[vc_row][vc_column][plethora_headinggroup subtitle=”They may harm aquatic life.”]

People Are Flushing Contact Lenses Down the Toilet … And It’s a Huge Problem for the Environment

[/plethora_headinggroup][/vc_column][/vc_row][vc_row][vc_column][vc_column_text]

Contact lens wearers often dispose of the products by washing them down the drain or flushing them down the toilet — and that’s bad news for the environment, new research suggests.

Contact lenses recovered from treated sewage sludge could harm the environment. Credit: Charles Rolsky

Lenses that are washed down the drain ultimately end up in wastewater treatment plants, according to a team that presented its findings at the 256th National Meeting & Exposition of the American Chemical Society. The scientists estimate that anywhere from six to 10 metric tons of plastic lenses end up in wastewater in the U.S. alone each year.

Contacts tend to be denser than water, which means they sink, and this could ultimately pose a threat to aquatic life, especially bottom feeders that may ingest the contacts, according to a press release from the American Chemical Society.

“We found that 15 to 20 percent of contact wearers are flushing the lenses down the sink or toilet,” said Charlie Rolsky, a Ph.D. student who presented the work. “This is a pretty large number, considering roughly 45 million people in the U.S. alone wear contact lenses.”

Rolsky, Rolf Halden, and Varun Kelkar are at the Biodesign Institute’s Center for Environmental Health Engineering at Arizona State University.

To help address the fate of contact lenses during treatment, the researchers exposed five polymers found in many manufacturers’ contact lenses to anaerobic and aerobic microorganisms present at wastewater treatment plants for varying times and performed Raman spectroscopy to analyze them.

“We found that there were noticeable changes in the bonds of the contact lenses after long-term treatment with the plant’s microbes,” Kelkar said.

The team concluded that microbes in the wastewater treatment facility actually altered the surface of the contact lenses, weakening the bonds in the plastic polymers.

“When the plastic loses some of its structural strength, it will break down physically,” Kelkar said. “This leads to smaller plastic particles which would ultimately lead to the formation of microplastics.”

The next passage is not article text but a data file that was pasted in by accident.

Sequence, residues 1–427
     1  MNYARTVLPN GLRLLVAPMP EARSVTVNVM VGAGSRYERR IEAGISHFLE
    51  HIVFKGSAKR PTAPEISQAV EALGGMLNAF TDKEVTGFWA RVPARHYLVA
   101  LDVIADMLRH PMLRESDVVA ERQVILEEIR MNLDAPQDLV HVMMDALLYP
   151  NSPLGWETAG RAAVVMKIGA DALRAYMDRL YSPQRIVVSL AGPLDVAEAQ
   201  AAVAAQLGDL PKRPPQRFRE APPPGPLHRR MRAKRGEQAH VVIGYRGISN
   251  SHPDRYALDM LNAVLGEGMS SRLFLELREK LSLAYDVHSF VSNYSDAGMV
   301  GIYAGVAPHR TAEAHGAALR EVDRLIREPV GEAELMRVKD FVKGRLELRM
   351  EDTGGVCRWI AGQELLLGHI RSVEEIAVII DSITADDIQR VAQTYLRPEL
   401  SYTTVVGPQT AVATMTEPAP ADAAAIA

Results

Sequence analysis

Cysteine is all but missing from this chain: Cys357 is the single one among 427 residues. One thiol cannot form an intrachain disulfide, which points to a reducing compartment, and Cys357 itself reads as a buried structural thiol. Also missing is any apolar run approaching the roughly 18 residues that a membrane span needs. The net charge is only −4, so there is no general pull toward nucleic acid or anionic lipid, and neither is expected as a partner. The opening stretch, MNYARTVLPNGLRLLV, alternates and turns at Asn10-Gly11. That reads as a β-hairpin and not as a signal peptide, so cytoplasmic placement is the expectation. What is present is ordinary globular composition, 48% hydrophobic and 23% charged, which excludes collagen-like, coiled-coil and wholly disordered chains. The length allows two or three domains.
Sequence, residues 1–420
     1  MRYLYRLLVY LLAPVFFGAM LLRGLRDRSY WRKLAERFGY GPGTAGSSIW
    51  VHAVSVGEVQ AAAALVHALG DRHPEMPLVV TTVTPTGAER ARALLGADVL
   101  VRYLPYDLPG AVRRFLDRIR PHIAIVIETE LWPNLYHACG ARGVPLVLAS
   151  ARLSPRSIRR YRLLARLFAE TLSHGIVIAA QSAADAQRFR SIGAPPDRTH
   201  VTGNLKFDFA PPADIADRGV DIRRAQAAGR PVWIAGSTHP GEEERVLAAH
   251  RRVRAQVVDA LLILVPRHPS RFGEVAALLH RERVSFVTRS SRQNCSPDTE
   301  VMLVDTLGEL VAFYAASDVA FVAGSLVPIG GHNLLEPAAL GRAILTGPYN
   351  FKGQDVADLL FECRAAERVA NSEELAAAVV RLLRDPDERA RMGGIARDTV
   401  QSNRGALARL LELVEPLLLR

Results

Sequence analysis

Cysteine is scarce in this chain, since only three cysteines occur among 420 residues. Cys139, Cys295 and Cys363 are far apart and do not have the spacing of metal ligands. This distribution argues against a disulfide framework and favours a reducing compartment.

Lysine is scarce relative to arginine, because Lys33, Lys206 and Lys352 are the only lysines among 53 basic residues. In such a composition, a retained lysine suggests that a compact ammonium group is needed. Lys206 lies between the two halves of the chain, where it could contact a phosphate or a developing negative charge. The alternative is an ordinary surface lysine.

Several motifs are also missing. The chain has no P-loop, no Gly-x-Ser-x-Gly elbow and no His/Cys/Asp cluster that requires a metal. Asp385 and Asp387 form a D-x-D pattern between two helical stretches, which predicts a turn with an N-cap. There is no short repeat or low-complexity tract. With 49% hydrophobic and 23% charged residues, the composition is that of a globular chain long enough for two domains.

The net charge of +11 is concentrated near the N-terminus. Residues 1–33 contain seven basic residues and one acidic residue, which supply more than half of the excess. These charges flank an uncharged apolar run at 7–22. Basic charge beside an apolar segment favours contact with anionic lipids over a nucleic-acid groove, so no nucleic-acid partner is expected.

Aquatic organisms can mistake microplastics for food and since plastics are indigestible, this dramatically affects the marine animals’ digestive system. The animals are part of a long food chain. Some eventually find their way to the human food supply, which could lead to unwanted human exposures to plastic contaminants and pollutants that stick to the surfaces of the plastics.

The team hopes the industry will take note of the research and, at a minimum, provide a label on the packaging describing how to properly dispose of contact lenses, which is by placing them with other solid waste.

“Ultimately, we hope that manufacturers will conduct more research on how the lenses impact aquatic life and how fast the lenses degrade in a marine environment,”

[/vc_column_text][/vc_column][/vc_row]



[vc_row][vc_column][vc_column_text]Thirty-seven store owners and wholesale distribution companies in Texas have agreed to stop selling “unlawful and potentially dangerous” contact lenses in Texas, according to the state’s attorney general.

Attorney General Ken Paxton said in a press release that his office had secured “Assurances of Voluntary Compliance” from the businesses. The owners have made refunds available to consumers and will pay more than $140,000 in civil penalties and attorneys’ fees.

The attorney general’s office began its investigation in March 2016 after undercover sweeps by the San Antonio Police Department turned up more than two dozen stores selling contact lenses without requiring consumers to provide a prescription, violating the Texas Deceptive Trade Practices Act and the Texas Optometry Act, according to the release.

Information provided by retailers led to investigations by the attorney general’s office into the distributors of the contact lenses. Ten companies – located primarily in San Antonio, Houston and Dallas – marketed the lenses to novelty shops, corner stores and gas stations, the release states.

“My office’s contact lens sweep is a reminder to Texans to safeguard their vision by using only contact lenses prescribed for them by a licensed practitioner,” Paxton said. “We will continue to take appropriate action against retailers and businesses that endanger consumers by selling unlawful lenses. We strongly urge anyone who has found retailers selling lenses without a prescription to contact our office.”[/vc_column_text][/vc_column][/vc_row]


Goodrich Optical Logo


Contact us



Visit us anytime

Goodrich Optical, 2450 Delhi Commerce Dr. Holt, MI 48842


Send us an email

info@goodrichoptical.com



Subscribe


Sign up for our newsletter to receive all the latest eye health news as well as offers and discounts from Goodrich Optical.





    Copyright © 2019 all rights reserved.



    Copyright ©2021 all rights reserved